Google Home, about the size of a stout vase, will hit the market later this year, vice president of product management Mario Queiroz promised at the opening of the Internet giant's annual developers conference in the Silicon Valley city of Mountain View.
"Our ability to do conversational understanding is far ahead of what other virtual assistants can do," Pichai told a packed audience at the Shoreline Amphitheatre, a venue known more for concerts than for gatherings of developers.
"We are an order of magnitude ahead of everyone else."
Home devices combine machine learning, online search, voice recognition and more to allow people to get answers to questions, manage tasks, or control devices by speaking naturally, demonstrations showed.
"When I walk into my house, I should be able to interact with Google assistant hands free, using voice, without taking out my phone," Queiroz said.
"Google Home will become more and more a control center for your whole home."
Home will sync with Chromecast devices that allow remote control of televisions or stereo systems, and with "smart" devices made by Google-owned Nest and other companies, according to Queiroz.
"It's like having a voice-controlled remote control to the real world whenever you need it," he said.
He demonstrated Home answering homework questions, changing restaurant bookings, checking commute traffic, playing music selections and more.
"It is really exciting to see Google assistant come to life with Google Home," Pichai said of the artificial intelligence capabilities being built into the company's mobile offerings.
Google did not disclose pricing on Home devices.
When Home hits, it will challenge Amazon Echo voice-controlled assistants that have proven to be a hit since the Seattle-based online retail colossus unveiled them two years ago.
"Google Home could be a major force and could also dramatically decrease the sales potential of Amazon Echo," said analyst Patrick Moorhead of Moor Insights and Strategy.
"The biggest sales determinant could be the quality of the AI (artificial intelligence) experience, and in the end, Google will likely win over Amazon."
Google is building on advances in machine learning and artificial intelligence to transform established services such as online search into two-way conversations in which users can chat easily with software that understands what they want.
Due to advances in the ways machines can recognize objects and understand context in conversations, as well as what is being said, Google is transforming search into a dialogue instead of a one-sided delivery of query results, Search Engine Land founding editor Danny Sullivan said after the keynote.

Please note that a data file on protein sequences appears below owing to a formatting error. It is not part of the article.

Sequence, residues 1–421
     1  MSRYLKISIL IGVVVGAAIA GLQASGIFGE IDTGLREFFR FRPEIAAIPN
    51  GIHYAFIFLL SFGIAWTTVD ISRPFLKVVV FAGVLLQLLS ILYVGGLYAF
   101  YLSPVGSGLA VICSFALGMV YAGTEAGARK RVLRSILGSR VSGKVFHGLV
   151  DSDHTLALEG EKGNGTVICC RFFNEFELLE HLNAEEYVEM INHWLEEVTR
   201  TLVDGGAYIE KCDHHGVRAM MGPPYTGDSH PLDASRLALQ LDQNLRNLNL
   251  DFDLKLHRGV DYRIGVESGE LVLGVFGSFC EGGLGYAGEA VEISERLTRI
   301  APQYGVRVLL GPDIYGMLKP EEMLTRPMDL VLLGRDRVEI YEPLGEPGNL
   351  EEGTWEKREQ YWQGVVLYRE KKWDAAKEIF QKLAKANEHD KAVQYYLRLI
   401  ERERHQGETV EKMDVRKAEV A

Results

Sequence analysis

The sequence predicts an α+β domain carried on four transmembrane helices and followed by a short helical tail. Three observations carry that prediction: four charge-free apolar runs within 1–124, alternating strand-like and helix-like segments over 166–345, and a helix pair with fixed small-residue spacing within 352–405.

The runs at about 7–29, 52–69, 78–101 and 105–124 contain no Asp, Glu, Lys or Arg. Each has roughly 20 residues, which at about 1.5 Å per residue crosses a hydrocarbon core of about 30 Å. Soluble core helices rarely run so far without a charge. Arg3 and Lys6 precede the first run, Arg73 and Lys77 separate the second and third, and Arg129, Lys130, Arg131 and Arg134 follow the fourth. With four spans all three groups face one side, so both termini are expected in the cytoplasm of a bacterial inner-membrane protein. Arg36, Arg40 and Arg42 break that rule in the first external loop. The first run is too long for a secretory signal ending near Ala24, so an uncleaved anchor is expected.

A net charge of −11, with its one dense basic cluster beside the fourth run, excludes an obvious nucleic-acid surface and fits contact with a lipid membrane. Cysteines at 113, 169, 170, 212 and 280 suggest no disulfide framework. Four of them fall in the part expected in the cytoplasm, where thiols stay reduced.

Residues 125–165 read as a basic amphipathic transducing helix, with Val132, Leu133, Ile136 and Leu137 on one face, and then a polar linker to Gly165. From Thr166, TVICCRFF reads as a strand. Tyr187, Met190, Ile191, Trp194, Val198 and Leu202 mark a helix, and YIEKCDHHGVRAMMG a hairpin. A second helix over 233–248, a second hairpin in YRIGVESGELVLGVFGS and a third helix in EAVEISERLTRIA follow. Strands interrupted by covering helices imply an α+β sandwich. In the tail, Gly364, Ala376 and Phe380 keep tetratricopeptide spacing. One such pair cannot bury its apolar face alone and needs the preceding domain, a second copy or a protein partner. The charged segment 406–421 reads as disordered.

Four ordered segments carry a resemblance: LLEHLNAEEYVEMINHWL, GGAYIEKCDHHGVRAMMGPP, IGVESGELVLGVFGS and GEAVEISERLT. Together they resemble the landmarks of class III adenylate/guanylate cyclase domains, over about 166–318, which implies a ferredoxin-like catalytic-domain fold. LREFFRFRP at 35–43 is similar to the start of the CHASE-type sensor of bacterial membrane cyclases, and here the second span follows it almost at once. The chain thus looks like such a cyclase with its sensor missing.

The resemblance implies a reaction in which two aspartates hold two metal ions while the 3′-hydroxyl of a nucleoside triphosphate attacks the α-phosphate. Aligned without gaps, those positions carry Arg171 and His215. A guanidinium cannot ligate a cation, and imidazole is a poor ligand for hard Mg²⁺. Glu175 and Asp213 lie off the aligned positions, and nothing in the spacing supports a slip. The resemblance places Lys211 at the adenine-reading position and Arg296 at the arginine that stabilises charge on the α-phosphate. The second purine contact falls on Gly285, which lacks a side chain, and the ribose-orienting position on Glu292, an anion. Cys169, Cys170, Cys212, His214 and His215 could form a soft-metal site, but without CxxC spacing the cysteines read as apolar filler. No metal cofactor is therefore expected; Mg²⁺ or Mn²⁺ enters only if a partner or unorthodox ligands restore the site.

"This really is a big deal. If you want to call it Google 2.0 that might be one way to think of it," Sullivan said.
"So far, the big players here - Microsoft and Facebook - are making big promises. Now, Google is coming and saying they can do that."
(Also see: Google Unveils Daydream VR)
And, Sullivan noted, instead of using a "bot" reference that has been applied to AI software programmed to interact like people, the California-based Internet veteran is branding it simply Google assistant.
Google also unveiled a smartphone messaging application infused with artificial intelligence as it moves to stay in tune with busy mobile Internet lifestyles.
"Allo" will be released later this year, along with the "Duo" application for video calls, Google engineering director Erik Kay told the conference in Mountain View.
"Allo is fast, smart and secure," Kay said.
"It will be the first home for the Google assistant, bringing the richness of Google right into your chats," he continued, referring to artificial intelligence capabilities being woven into the Internet giant's offerings.
Many Internet companies are probing the possibilities of artificial intelligence for example, smartphone applications that can learn a user's habits and anticipate searches and requests.
Allo virtual assistants "understand your world" in ways that allow people to ask questions or give directives the same way one might speak with an aide, according to Kay.
Both applications, which will be free, are based on users' mobile phone numbers.
Allo can suggest replies during text conversations, recognize contents of pictures and customize itself over time to how individuals express themselves.
Allo also allows for "incognito" chats that are encrypted end-to-end and users can have messages self-destruct after specified amounts of time.